Nostalgia, inventiveness, and a certain lively focus on death: all of these are at the heart of Beetlejuice, playing this week at Broadway San Diego’s Civic Theatre.
An adaptation of the beloved feature film, the musical version of Beetlejuice likewise introduces the audience to Adam and Barbara Maitland, a newly deceased couple, Lydia Deetz, a teenager who has just lost her mother, and Beetlejuice, a decaying spirit who seeks a new lease in the form of a fresh, living body, alongside a host of other characters.Though the strangely morbid Lydia is really beseeching her dead mom to guide her from the beyond, instead Beetlejuice and the Maitlands take the initiative. One thing leads to another, there’s some possession, a giant sandworm, and avant garde art comes to life. Prepare for edgy, because Beetlejuice doesn’t pull any of its punches.
The show is delightfully led by newcomer Isabella Esler as Lydia, a star in her professional debut. Esler has a unique timbre to her voice that makes her songs plaintive and stirring. Opposite the lonely teen is the raunchy, disgusting Beetlejuice, split by Andrew Kober (who I saw) and Adam Justin Collette. This role, which launches the show by breaking the fourth wall and berating and mocking the audience, is unfailingly offensive and, in its unscrupulous approach, devastatingly and inappropriately entertaining.
These performers are joined by Britney Coleman and Will Burton as the endearing, square young couple who are finding out who they are again after an electrocution accident disrupts their ten year plan, as well as Jesse Sharp (Charles), Katie Marilley (Delia), and a feisty ensemble which includes Michael Biren, Jackera Davis, Juliane Godfrey, Abe Goldfarb, Danielle Marie Gonzalez, Kenway Hon Wai K. Kua, Sean McManus, Lee N Price, Nevada Riley, Kris Roberts, Trevor Michael Schmidt, Brian Vaugn, and Corbin Williams.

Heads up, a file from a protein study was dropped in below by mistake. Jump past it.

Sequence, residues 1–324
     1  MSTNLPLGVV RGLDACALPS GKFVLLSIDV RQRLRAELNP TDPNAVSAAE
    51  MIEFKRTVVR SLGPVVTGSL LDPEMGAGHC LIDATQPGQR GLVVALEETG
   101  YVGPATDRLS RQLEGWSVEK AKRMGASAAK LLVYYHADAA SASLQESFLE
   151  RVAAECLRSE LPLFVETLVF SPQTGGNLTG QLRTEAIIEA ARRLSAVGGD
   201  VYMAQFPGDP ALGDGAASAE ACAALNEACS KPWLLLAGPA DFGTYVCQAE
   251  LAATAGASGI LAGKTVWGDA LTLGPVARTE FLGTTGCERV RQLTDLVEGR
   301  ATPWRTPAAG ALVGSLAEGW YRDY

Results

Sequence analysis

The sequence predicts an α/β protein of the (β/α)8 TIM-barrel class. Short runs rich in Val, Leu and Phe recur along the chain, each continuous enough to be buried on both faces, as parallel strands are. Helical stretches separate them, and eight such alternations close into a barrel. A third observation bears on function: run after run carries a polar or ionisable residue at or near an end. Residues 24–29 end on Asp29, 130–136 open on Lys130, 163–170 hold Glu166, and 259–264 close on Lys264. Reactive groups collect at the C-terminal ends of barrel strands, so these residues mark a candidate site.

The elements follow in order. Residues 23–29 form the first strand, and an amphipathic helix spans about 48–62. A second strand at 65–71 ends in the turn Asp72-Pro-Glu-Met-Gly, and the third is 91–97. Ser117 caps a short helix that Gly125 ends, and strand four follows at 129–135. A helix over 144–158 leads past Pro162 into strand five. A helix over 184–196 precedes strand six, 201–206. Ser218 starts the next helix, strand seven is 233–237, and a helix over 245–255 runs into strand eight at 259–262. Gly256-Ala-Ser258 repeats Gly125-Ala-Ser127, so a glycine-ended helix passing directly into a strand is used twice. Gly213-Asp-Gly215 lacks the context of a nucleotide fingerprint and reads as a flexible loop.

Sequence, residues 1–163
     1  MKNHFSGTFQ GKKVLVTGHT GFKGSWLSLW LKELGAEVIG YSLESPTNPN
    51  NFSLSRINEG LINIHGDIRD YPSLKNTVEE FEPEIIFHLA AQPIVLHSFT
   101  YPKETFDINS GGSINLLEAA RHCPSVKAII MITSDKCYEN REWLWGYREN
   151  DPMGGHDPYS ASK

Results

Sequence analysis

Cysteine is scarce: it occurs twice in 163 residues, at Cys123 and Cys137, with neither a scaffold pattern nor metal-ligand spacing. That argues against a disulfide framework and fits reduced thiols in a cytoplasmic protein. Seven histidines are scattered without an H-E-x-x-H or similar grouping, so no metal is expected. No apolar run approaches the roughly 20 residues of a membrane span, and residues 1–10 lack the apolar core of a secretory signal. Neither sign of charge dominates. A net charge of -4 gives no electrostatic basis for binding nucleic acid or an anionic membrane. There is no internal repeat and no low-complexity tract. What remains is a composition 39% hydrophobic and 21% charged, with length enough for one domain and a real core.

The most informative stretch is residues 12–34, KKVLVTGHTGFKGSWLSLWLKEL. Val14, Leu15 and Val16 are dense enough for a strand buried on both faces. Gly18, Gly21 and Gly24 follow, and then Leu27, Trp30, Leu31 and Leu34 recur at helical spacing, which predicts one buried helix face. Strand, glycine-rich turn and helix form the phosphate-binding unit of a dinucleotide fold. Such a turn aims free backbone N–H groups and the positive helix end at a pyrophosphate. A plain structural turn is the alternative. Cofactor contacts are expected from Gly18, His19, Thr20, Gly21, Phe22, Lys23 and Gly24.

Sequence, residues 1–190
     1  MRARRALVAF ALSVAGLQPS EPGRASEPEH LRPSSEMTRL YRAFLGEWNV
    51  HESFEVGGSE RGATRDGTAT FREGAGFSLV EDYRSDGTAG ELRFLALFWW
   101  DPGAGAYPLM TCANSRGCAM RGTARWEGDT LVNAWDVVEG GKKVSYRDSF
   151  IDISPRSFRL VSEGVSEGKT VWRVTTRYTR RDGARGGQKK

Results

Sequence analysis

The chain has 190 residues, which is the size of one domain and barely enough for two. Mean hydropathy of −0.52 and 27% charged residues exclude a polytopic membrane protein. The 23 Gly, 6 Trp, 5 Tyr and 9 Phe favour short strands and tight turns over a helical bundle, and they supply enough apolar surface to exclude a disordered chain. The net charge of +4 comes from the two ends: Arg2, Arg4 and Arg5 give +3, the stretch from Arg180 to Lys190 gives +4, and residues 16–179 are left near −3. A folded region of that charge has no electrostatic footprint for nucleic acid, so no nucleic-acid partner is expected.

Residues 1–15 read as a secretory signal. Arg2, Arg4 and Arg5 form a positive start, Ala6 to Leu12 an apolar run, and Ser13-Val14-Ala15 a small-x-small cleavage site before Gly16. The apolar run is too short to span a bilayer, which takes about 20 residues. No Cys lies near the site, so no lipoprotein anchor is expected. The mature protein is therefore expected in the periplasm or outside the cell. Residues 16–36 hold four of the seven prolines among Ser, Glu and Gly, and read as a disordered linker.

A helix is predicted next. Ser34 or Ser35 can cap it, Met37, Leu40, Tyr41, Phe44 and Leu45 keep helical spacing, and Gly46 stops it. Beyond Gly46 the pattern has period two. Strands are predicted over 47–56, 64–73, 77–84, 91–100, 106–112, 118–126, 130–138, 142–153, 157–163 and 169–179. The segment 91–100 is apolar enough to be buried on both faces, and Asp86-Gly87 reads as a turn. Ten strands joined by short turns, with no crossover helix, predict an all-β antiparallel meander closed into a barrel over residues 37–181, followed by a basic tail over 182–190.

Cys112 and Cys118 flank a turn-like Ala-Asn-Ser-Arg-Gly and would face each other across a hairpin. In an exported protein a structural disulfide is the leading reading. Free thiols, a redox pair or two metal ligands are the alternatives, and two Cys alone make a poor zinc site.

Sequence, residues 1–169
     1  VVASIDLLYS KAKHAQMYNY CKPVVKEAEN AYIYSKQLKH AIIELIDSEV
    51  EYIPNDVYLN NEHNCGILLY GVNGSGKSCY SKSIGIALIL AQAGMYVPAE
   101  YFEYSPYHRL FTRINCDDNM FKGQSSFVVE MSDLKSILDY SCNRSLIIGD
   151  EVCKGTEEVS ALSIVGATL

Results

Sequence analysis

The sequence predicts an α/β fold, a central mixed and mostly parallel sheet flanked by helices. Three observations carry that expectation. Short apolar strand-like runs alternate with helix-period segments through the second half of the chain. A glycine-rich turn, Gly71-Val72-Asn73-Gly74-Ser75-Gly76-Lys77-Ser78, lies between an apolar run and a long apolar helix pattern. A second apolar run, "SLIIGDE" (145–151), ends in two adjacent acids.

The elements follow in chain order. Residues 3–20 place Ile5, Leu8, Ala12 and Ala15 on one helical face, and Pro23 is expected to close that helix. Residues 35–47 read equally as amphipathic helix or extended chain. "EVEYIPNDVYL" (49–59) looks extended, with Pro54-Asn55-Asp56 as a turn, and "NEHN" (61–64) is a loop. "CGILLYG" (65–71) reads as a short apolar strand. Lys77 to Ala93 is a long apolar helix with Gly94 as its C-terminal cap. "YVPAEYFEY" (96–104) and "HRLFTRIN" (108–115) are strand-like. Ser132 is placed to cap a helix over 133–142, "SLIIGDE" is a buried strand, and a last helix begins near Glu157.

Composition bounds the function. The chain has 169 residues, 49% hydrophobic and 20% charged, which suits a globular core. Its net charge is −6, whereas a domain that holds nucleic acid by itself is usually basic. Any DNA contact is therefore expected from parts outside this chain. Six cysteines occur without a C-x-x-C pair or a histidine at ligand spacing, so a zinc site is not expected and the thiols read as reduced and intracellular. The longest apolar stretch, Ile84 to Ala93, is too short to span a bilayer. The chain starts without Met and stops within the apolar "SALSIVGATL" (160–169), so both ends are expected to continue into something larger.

Headed next to Tempe, Arizona, audiences can expect a fun show that differs in some ways from the original source material, but that still brings the zaniness in key places, including an act 2 opener featuring the ensemble dressed as Beetlejuice clones. Director Alex Timbers has managed, somehow, to hold together some major pieces from the original film, and to stage the Eddie Perfect score and Scott Brown and Anthony King book thoughtfully.
Lights, costumes, and set (Kenneth Posner, William Ivey Long, and David Korins) complement these components well and, likewise, choreographer Connor Gallagher has done a great job taking advantage of the talent in the cast.
Alas, with Hurricane Hilary encroaching on San Diego, Beetlejuice is being forced into an early close in America’s Finest City… but Tempe is close enough that any remaining enthusiasts still have time to make the short drive to catch the next venue before “Showtime!” if they want to.
Read the program.